Tuesday 18 May 2010, Radio Theatre, BBC Broadcasting House, London.


The Media Show, presented by journalist and former TV executive Steve Hewlett ,  is BBC Radio 4's weekly look at the fast-changing media world. A question on every newspaper editor's mind is whether to charge people who want to read their websites. "Because news costs, because quality costs ... because free isn't sustainable, because free is too expensive" - the words of  Les Hinton, chief executive of the Wall Street Journal's publisher, part of News Corporation.

At the Guardian, Alan Rusbridger has ruled out paywalls and warned that rushing to introduce them could see the industry "sleepwalk into oblivion". The Daily Mail has said "readers will not pay to consume general news on the web".

Rupert Murdoch disagrees. He is already charging online readers of the Wall Street Journal and, from June, the Times and Sunday Times will start charging £1 a day, or a weekly subscription, for access to their websites.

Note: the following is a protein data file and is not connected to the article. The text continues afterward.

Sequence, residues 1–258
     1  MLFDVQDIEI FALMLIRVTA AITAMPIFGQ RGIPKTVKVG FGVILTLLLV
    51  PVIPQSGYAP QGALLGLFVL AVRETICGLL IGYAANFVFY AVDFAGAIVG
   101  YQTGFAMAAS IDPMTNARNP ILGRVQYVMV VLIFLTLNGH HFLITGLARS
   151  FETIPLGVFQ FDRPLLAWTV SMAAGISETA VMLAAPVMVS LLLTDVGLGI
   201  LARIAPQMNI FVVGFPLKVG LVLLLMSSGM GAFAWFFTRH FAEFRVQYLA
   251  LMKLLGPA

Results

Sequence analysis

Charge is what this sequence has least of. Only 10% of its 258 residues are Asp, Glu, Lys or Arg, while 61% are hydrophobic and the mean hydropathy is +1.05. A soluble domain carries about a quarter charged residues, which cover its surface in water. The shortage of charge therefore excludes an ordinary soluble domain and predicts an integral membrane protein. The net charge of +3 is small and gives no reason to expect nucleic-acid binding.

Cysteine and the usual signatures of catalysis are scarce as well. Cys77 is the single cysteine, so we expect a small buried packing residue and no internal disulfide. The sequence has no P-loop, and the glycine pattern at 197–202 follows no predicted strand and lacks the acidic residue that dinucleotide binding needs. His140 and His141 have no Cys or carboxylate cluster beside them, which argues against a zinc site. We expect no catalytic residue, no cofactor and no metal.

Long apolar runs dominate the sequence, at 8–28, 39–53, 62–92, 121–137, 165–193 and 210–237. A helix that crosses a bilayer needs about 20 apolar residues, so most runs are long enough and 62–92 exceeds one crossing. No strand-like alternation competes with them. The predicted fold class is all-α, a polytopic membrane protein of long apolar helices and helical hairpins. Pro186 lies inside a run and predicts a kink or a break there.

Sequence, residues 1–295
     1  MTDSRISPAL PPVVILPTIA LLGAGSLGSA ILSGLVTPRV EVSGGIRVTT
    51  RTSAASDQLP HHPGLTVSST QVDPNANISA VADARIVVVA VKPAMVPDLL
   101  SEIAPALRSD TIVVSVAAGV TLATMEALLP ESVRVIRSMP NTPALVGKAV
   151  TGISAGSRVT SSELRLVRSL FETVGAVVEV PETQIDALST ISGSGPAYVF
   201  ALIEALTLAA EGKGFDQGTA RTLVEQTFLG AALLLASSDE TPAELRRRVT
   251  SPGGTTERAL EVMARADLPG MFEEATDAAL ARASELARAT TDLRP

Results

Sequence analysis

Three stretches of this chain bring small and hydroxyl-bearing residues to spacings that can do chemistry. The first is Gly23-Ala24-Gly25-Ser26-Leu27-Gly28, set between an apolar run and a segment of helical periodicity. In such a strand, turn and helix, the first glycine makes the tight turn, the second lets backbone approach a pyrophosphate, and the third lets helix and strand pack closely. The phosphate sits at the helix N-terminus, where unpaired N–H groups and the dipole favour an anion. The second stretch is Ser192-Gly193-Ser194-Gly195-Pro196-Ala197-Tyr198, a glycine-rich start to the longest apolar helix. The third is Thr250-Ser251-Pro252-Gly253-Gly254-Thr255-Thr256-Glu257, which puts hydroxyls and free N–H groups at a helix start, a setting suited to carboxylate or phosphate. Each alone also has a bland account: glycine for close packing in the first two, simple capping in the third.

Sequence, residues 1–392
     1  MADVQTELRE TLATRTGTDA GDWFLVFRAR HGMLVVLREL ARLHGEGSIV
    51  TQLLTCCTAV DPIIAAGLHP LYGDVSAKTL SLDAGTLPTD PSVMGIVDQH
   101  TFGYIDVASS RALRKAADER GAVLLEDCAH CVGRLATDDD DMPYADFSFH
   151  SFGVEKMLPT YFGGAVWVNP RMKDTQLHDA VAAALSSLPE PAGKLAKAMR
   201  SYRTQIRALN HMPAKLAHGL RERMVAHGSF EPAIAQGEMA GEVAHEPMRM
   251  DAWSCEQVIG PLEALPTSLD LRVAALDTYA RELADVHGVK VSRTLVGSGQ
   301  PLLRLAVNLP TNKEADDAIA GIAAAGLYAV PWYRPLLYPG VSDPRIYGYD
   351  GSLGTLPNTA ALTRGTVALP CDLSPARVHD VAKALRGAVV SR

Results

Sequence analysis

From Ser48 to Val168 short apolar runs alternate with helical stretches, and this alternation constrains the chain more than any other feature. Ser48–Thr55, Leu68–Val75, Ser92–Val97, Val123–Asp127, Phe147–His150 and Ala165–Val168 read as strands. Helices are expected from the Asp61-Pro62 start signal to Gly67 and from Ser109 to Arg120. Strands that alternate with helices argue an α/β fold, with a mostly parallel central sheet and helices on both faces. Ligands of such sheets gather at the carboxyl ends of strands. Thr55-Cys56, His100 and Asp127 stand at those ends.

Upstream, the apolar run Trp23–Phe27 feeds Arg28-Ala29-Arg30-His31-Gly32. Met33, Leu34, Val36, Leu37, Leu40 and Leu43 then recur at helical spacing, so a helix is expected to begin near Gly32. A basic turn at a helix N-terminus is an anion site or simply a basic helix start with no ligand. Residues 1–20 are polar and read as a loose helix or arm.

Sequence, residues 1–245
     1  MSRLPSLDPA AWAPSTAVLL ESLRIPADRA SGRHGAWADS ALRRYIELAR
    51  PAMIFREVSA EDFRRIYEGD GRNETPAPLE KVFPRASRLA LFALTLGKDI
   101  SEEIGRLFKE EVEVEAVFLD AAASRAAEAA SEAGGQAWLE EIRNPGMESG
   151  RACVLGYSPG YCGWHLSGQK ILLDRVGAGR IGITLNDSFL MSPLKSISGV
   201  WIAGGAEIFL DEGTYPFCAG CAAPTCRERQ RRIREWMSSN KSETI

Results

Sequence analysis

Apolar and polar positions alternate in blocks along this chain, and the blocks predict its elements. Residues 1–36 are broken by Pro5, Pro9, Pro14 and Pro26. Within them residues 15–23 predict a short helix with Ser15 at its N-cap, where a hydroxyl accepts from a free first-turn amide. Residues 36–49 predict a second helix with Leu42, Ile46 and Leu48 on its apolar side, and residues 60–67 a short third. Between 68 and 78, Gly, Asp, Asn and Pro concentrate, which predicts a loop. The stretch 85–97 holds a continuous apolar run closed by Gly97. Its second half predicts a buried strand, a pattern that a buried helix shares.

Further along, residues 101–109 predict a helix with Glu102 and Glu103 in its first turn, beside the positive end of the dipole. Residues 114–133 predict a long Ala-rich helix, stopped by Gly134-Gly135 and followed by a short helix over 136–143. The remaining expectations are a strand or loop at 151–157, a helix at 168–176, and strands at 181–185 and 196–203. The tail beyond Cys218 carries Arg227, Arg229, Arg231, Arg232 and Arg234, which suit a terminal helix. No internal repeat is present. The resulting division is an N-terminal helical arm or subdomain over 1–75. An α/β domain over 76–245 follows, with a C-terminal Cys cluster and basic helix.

The Sun and the News of the World will follow. The Sunday Times will get its own dedicated website in a move editor John Witherow describes as "a hugely significant moment for the paper". 

Who is right? And, as some claim, does the survival of the free press rely on Murdoch's plans succeeding?

You can join Steve Hewlett in the BBC's Radio Theatre discussing the issues with Alan Rusbridger and John Witherow. There will be an opportunity for some members of the audience to put questions to the panel - please email them in advance to themediashow@bbc.co.uk.

The Media Show - the Great Paywall Debate

Tuesday 18 May 2010

6.15pm 

The Radio Theatre

BBC Broadcasting House

London

Click here for more details and to apply for tickets. 

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